Zachary Cahill proffers a solution to use-value by his creation of an Orphanage here in Chicago. The Orphanage Project, out of which Cahillâ€™s fall SOLO exhibition arises, looks to examine the position of the ultimate â€œotherâ€ â€“ the mythic Orphan, torn from any root or history and presumably set-free to self-author. Cahillâ€™s Orphans are models, â€œmodes of beingâ€ that The Orphanage Project wishes to make relatable through its study in human capital and the condition that awaits all. Cahillâ€™s attempt â€“ whether a failure or temporarily on-hold â€“ is documented through a series of sketches and a few published conversations. For threewalls, Cahill reproduces a few elements of this project, granting access to Cahillâ€™s long-term study.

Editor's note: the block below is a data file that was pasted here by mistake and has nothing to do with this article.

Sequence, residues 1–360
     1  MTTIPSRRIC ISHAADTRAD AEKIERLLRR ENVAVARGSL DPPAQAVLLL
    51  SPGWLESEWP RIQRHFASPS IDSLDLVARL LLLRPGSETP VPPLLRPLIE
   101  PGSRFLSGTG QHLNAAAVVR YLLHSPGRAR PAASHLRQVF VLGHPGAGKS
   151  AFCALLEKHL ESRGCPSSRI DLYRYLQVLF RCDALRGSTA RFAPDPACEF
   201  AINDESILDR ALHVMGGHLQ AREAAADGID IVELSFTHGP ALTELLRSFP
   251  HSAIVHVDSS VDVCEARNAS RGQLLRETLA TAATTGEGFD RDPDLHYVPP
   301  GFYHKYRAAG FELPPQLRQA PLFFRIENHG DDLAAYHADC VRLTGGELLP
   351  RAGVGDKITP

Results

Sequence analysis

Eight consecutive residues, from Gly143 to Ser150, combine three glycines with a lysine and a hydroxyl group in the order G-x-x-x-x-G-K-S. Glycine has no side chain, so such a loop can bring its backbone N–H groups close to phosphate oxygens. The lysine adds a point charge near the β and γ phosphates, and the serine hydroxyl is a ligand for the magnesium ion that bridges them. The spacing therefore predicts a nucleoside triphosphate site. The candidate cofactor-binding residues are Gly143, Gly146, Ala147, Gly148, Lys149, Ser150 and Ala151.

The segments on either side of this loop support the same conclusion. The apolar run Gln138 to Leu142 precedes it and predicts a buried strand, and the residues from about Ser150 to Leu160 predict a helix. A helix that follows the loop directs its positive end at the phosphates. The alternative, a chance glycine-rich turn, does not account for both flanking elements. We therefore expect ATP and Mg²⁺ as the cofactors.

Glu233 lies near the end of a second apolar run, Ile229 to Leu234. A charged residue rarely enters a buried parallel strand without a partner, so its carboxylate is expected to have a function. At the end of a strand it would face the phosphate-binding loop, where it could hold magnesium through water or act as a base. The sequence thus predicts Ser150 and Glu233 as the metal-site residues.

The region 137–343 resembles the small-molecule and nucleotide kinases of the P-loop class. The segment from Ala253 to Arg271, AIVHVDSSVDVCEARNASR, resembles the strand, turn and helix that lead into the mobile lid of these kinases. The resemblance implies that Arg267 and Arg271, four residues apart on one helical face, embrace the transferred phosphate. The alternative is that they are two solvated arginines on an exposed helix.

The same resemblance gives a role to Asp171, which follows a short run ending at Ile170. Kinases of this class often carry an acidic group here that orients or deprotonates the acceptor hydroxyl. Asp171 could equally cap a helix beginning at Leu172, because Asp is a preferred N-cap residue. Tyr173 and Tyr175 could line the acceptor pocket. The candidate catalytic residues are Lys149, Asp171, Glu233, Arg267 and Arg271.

Circumnavigating the relational through both the formation of the Orphanage and the work done therein, Cahill challenges the idea of relatedness or lack-there-of through the perhaps the ideal red herring: the creation of an institution that both houses potential and has the potential to house everything and all.